Periodically, the FDA fines a drug manufacturer when its abuses are impossible to cover up. In May 2002, The Washington Post reported that Schering-Plough Corp., the maker of Claritin, was to pay a $500 million dollar fine to the FDA for quality-control problems at four of its factories. The indictment came after the Public Citizen Health Research Group, led by Dr. Sidney Wolfe, called for a criminal investigation of Schering-Plough, charging that the company distributed albuterol asthma inhalers even though it knew the units were missing the active ingredient. The FDA tabulated infractions involving 125 products, or 90% of the drugs made by Schering-Plough since 1998. Besides paying the fine, the company was forced to halt the manufacture of 73 drugs or suffer another $175 million fine. Schering-Plough's news releases told another story, assuring consumers that they should still feel confident in the company's products. This large settlement served as a warning to the drug industry. According to The Washington Post article, a federal appeals court ruled in 1999 that the FDA could seize the profits of companies that violate "good manufacturing practices."
Since that time, Abbott Laboratories has paid a $100 million fine for failing to meet quality standards in the production of medical test kits, while Wyeth Laboratories paid $30 million in 2000 to settle accusations of poor manufacturing practices.
Now only those drugs are preferred by consumers which provide a high level assurance that medicines are manufactured in a way that ensures their safety, efficacy and quality. Medicines are manufactured to comply with their marketing authorization. The government is introducing the Drugs and Cosmetics (Amendment) Bill to amend the existing Act to consolidate provisions for clinical trials and regulate medical devices for improvement in drug manufacturing standards, Central Drugs Standard Control Organisation takes initiatives for 2015 includes the introduction of the Bill. The initiatives include revision of good manufacturing practices (GMPs) for drugs as well as medical devices under the Drugs and Cosmetics Rules, 1945, to modify the requirements to ensure their safety, efficacy and quality. As well as the initiative include introduction of provisions relating to phytopharmaceutical drugs. It will also include simplification and rationalisation of various formats of applications and licenses under the Drugs and Cosmetics Rules, 1945.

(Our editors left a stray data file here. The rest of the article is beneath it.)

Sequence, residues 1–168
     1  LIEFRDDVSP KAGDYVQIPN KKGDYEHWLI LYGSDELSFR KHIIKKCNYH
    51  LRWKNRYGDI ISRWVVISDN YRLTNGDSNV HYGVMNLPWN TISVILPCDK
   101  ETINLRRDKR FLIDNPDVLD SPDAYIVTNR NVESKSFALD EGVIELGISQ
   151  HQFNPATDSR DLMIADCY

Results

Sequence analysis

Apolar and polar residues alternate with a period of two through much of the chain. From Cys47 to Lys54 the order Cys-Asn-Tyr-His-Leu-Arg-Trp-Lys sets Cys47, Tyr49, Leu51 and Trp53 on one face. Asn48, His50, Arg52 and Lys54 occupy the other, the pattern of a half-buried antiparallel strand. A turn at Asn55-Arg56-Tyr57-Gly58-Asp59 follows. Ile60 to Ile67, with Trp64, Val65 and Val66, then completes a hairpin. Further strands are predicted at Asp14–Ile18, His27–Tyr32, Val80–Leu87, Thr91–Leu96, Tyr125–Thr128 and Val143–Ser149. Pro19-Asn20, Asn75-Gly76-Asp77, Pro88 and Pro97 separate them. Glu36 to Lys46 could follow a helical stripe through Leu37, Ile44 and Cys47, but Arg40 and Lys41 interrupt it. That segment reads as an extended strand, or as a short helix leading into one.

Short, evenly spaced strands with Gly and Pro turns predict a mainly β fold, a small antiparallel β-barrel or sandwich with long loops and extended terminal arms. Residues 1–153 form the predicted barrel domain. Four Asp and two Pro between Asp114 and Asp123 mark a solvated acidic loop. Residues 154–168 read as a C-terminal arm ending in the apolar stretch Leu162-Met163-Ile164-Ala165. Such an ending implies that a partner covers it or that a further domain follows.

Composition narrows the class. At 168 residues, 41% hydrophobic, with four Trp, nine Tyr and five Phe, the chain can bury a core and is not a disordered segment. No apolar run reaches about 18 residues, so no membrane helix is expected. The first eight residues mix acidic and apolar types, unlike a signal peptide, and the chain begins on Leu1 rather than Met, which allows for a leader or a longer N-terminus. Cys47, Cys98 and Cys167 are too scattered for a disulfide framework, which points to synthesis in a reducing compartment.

Bhavik Narsana, partner, Khaitan & Co, a legal consultant, said, "It would be a welcome move to amend the Drugs and Cosmetic Rules. The whole process will invite public discussion and debate, and also prompt meaningful legislative changes. Changes to GMP standards could possibly be in response to the criticism of Indian manufacturing units' compliance standards. One would expect a greater level of harmonization between Indian and global standards."
1. www.dnaindia.com › Money Tuesday, 6 January 2015 - 7:00am IST | Place: Mumbai | Agency: dna “Government seeks to raise pharma manufacturing standards to global level”
- Shalini Sharma